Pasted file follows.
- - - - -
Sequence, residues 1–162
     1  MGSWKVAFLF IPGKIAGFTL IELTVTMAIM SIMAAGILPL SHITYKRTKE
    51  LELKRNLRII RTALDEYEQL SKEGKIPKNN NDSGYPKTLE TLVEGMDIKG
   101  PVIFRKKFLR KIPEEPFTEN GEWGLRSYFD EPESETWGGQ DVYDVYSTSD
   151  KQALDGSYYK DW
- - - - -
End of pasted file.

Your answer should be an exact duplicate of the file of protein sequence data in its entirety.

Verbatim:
Sequence, residues 1–162
     1  MGSWKVAFLF IPGKIAGFTL IELTVTMAIM SIMAAGILPL SHITYKRTKE
    51  LELKRNLRII RTALDEYEQL SKEGKIPKNN NDSGYPKTLE TLVEGMDIKG
   101  PVIFRKKFLR KIPEEPFTEN GEWGLRSYFD EPESETWGGQ DVYDVYSTSD
   151  KQALDGSYYK DW